Quite often, we hear of the terms (permalinks or pretty permalinks) which can also be called SEO-friendly URLs. These URLs are not only SEO friendly, but I believe they are human friendly as well. By default, WordPress uses URLs that look like a mishmash of letters and numbers with a few question marks mixed in for good measure. These types of links are frowned upon by search engine spiders and as a human being, they are also hard to read.
Fortunately, WordPress provides a way for us to change this linking structure to something understandable. WordPress calls these Permalinks. Permalink settings can be configured a number of different ways. One of the ways to quickly configure permalinks is by choosing one of the Common Options. These common options include:
Default – http://www.domain.com/?p=123
Date and name based – http://www.domain.com/2008/01/15/sample-post/
Numeric – http://www.domain.com/archives/123
There is no sense in using the default option so choose either Date and name based or Numeric if you don’t feel like tinkering with the Custom Structure.
The custom structure of the permalinks settings area allows you to customize the way permalinks are displayed by using any combination of the following permalink tags.
%year% – 4-digit year (for example, 2008)
%monthnum% – 2-digit month (for example, 01 for January)
%day% – 2-digit day (for example, 15)
%hour% – 2-digit hour of the day (for example, 20 for 10PM)
%minute% – 2-digit minute (for example, 50)
%second% – 2-digit second (for example, 24)
%postname% – Text separated by dashes which usually ends up being the post name. (for example, configuring-wp-permalinks)
%post_id% – The unique, numerical ID of the post (for example, 124)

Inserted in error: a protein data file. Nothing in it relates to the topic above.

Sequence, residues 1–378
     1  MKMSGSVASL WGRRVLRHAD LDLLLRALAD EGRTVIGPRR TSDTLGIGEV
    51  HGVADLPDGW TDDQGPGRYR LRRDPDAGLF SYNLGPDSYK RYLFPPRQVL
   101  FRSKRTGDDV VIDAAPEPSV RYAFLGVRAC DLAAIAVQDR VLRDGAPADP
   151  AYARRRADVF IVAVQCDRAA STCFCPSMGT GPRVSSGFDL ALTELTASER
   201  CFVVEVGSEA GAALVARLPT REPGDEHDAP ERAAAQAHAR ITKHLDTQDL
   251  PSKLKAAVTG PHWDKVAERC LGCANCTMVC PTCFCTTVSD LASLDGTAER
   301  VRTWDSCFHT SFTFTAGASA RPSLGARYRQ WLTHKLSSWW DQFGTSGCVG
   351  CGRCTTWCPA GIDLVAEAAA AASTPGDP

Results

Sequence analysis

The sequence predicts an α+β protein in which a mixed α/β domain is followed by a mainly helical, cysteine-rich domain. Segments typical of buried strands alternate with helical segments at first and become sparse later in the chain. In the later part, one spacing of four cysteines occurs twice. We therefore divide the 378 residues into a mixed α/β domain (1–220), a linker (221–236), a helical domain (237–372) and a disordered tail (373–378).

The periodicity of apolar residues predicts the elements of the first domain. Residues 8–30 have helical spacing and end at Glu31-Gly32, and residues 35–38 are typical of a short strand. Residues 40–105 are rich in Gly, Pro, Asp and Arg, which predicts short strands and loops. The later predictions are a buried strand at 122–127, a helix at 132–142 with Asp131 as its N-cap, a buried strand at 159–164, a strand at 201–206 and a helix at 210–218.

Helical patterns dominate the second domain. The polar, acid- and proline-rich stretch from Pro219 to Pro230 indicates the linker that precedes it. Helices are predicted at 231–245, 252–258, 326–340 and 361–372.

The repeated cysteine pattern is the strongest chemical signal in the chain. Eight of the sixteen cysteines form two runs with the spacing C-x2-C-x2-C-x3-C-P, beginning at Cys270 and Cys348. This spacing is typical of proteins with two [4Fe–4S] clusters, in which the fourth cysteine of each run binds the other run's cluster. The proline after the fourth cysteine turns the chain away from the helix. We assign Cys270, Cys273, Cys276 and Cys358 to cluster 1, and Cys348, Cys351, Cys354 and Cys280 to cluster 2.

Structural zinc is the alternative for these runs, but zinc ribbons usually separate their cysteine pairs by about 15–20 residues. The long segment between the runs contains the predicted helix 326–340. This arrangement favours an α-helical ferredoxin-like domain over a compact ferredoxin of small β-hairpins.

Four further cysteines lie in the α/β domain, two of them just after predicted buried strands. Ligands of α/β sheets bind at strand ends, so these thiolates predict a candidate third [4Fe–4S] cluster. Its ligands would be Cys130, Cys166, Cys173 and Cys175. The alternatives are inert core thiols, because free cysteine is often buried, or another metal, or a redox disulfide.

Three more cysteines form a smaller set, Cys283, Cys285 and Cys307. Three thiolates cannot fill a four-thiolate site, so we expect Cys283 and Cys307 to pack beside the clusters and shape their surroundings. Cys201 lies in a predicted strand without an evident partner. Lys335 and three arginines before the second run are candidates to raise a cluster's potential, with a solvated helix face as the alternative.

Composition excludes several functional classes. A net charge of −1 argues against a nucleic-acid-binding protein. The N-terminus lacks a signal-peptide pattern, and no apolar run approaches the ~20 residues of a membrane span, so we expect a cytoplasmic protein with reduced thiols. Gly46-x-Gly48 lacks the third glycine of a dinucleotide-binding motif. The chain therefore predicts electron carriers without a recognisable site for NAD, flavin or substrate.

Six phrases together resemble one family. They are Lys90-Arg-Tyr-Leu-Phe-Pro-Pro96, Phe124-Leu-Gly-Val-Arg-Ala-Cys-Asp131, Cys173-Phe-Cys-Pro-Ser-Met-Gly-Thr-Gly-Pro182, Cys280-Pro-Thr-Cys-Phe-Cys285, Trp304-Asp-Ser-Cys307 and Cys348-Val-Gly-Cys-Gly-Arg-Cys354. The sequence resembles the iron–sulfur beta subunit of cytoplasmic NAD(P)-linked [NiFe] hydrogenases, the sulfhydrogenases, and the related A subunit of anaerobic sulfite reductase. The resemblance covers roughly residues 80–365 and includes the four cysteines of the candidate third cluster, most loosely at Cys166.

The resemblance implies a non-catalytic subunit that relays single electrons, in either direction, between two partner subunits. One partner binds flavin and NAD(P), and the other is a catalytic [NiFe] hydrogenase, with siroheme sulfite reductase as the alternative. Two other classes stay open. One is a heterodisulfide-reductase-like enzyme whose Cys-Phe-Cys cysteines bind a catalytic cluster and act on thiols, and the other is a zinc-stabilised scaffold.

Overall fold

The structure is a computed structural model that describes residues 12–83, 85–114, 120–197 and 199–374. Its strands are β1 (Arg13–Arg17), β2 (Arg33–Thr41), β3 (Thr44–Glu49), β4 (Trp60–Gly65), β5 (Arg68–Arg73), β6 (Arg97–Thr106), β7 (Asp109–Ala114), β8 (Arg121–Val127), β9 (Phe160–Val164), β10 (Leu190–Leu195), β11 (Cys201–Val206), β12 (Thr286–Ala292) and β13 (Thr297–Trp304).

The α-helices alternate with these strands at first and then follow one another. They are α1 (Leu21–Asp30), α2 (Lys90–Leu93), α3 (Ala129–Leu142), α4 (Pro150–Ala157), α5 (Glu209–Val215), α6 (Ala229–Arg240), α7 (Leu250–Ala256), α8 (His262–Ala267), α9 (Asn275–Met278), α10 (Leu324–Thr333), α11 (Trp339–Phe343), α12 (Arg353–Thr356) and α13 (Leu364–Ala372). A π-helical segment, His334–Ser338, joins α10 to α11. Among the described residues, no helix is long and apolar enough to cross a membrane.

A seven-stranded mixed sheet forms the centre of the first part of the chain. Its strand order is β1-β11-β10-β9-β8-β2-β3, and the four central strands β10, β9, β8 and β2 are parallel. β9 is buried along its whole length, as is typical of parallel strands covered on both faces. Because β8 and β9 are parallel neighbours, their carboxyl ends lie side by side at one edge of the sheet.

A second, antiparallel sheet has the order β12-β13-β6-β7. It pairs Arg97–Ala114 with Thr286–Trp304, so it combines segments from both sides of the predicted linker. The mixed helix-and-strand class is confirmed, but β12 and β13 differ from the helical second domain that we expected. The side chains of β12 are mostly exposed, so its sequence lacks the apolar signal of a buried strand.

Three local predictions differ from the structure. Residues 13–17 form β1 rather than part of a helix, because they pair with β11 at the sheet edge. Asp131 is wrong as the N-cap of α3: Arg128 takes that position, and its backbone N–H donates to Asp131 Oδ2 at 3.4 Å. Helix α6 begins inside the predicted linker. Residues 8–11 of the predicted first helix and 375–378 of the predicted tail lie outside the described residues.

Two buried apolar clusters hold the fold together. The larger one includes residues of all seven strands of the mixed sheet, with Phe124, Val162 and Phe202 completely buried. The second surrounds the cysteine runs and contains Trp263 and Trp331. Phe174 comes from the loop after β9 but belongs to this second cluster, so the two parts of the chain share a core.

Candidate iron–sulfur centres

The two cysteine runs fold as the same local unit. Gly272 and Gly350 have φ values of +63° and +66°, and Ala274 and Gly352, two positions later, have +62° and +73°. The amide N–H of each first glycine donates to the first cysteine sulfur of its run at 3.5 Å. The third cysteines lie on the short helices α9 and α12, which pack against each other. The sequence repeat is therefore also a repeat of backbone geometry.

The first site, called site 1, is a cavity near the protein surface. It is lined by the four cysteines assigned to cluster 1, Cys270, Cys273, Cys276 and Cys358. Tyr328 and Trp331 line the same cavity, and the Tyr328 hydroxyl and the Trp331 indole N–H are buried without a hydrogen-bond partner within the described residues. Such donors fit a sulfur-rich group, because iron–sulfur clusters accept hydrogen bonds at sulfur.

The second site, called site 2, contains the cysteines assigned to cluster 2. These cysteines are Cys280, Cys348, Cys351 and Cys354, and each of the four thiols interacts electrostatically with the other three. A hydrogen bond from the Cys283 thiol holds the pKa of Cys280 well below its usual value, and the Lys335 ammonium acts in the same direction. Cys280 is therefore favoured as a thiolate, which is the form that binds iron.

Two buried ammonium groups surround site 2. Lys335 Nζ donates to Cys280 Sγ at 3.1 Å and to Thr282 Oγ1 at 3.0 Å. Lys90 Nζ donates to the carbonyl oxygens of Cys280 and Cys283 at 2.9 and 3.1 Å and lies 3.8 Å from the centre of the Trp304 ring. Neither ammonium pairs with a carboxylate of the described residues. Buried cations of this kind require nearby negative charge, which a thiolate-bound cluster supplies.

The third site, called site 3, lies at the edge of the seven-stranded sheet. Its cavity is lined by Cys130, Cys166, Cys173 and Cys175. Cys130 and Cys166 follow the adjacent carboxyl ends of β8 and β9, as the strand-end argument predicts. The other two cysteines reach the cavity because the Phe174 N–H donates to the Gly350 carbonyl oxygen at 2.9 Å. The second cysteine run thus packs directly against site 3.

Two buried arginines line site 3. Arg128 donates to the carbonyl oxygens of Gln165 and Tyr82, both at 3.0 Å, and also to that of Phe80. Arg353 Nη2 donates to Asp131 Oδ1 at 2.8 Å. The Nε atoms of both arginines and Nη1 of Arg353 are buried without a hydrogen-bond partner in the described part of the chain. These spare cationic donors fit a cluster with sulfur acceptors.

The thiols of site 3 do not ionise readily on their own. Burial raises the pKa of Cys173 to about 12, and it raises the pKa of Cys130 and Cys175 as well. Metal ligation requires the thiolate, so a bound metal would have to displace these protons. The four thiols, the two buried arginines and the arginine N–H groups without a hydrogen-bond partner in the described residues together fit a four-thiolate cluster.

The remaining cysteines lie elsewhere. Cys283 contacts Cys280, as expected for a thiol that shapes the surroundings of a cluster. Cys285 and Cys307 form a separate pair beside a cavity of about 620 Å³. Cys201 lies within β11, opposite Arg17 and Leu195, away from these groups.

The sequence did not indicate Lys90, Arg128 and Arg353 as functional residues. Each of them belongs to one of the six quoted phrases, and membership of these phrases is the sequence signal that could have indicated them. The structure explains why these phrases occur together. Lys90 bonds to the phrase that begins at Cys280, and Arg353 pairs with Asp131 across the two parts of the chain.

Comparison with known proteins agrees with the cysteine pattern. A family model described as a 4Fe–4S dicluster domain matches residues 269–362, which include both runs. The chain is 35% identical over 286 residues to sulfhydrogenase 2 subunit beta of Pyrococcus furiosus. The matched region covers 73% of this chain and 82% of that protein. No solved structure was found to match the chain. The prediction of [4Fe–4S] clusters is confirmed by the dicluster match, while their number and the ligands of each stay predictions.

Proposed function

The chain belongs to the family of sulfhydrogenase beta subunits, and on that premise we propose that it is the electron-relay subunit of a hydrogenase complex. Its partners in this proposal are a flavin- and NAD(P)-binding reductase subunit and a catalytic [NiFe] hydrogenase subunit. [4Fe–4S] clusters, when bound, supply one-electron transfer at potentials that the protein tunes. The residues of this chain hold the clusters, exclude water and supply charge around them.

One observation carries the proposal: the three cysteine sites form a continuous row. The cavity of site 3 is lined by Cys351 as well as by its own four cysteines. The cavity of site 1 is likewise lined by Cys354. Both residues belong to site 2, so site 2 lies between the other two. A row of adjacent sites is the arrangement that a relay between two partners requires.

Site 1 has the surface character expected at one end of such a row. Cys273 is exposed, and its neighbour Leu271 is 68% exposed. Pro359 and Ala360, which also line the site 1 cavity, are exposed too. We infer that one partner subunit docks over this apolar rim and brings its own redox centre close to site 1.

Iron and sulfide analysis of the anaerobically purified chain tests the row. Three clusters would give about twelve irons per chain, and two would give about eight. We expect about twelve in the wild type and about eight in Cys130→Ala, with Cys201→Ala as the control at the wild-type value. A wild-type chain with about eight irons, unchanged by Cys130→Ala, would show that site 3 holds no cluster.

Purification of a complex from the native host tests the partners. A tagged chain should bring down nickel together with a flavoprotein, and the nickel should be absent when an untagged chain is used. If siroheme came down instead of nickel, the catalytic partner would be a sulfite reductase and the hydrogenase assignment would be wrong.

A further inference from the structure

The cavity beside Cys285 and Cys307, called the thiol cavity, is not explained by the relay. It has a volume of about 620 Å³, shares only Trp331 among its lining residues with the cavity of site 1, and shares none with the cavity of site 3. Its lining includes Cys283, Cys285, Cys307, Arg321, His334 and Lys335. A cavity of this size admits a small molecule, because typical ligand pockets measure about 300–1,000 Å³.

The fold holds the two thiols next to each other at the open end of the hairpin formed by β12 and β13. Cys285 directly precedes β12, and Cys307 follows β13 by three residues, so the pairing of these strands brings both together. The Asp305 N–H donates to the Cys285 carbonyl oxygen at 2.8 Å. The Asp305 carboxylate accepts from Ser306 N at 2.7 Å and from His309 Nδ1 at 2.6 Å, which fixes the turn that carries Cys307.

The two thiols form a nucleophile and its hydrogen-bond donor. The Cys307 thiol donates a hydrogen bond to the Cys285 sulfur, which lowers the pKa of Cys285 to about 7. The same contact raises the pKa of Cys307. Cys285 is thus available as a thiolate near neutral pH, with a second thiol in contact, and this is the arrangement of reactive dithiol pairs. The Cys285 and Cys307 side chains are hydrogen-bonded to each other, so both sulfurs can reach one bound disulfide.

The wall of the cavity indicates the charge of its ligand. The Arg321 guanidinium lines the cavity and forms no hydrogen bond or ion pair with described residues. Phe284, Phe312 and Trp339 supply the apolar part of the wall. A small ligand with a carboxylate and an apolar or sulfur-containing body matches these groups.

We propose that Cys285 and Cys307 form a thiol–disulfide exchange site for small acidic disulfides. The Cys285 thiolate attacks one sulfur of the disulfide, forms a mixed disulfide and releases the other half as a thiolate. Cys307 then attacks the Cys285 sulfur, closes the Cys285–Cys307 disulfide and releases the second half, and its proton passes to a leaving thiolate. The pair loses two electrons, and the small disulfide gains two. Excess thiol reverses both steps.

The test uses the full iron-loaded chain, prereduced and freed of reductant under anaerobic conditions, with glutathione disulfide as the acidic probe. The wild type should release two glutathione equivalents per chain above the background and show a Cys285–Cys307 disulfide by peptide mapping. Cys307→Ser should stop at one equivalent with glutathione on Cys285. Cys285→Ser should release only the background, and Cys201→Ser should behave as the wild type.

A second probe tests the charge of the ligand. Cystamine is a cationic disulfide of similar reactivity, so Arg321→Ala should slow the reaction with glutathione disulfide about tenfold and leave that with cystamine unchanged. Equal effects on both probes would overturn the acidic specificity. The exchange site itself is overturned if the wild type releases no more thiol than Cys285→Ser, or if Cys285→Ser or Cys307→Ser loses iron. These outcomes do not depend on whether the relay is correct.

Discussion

%category% - The text of the category name that the post is filed in (for example, how-to)
%author% – Text of the post author’s name (for example, ronald-huereca)
Example of custom structure in use:
Custom Structure: /%year%/%monthnum%/%day%/
Link Output: http://www.domain.com/2008/01/16/
Make sure that you include the back slashes at the beginning of the custom structure, after each tag and at the end. This will ensure that WordPress writes the correct rules in the .htaccess file via mod_rewrite.
For my own blog, I seem to have done fairly well in the search engines by using the Custom Structure method and using the %postname% tag. I can’t say for sure which combination would do better or worst for search engines. The only thing I can suggest is that you configure your permalinks to look whats best for you.
Changing the structure of your permalinks affects all of the permalinks on your blog. This is important to know because search engines will have indexed posts on your site via their permalinks. If you change the permalink structure mid stream, you will end up invalidating all of those links.
What to do if you don’t have a .htaccess file?
If you notice that you don’t have a .htaccess file within the same directory as your WordPress installation, you can create one by first creating a blank .txt file and saving the file as htaccess.txt. Upload this file via FTP to the same folder that houses your WordPress installation. Once the file is uploaded, set the permissions to the file as 666. Next, rename the file to .htaccess. Now you should have a blank .htaccess file for which WordPress can write the proper permalink rules to.
Servers That Don’t Use Apache Or mod_rewrite.
If the webhosting server you are on does not have the apache module mod_rewrite enabled, you can still use the permalink settings in WordPress by placing index.php in front of any custom permalink tags.
For example: /index.php/%year%/%monthnum%/%day%/
Using index.php in this way eliminates the need for a .htaccess file.
I hope this little primer on how to configure your permalinks within WordPress was helpful. I’ve seen too many blogs out on the net that have yet to take advantage of this awesome feature. As I’ve said before, using any sort of permalink structure is better than the WP default. Not only is it beneficial in terms of SEO, but it also makes it easier for human beings to see at a glance, what a particular link is pointing to without having to visit the page.
If you use the custom structure aspect of permalinks, I’d be very interested in knowing which configuration of permalink tags you have chosen to use and why.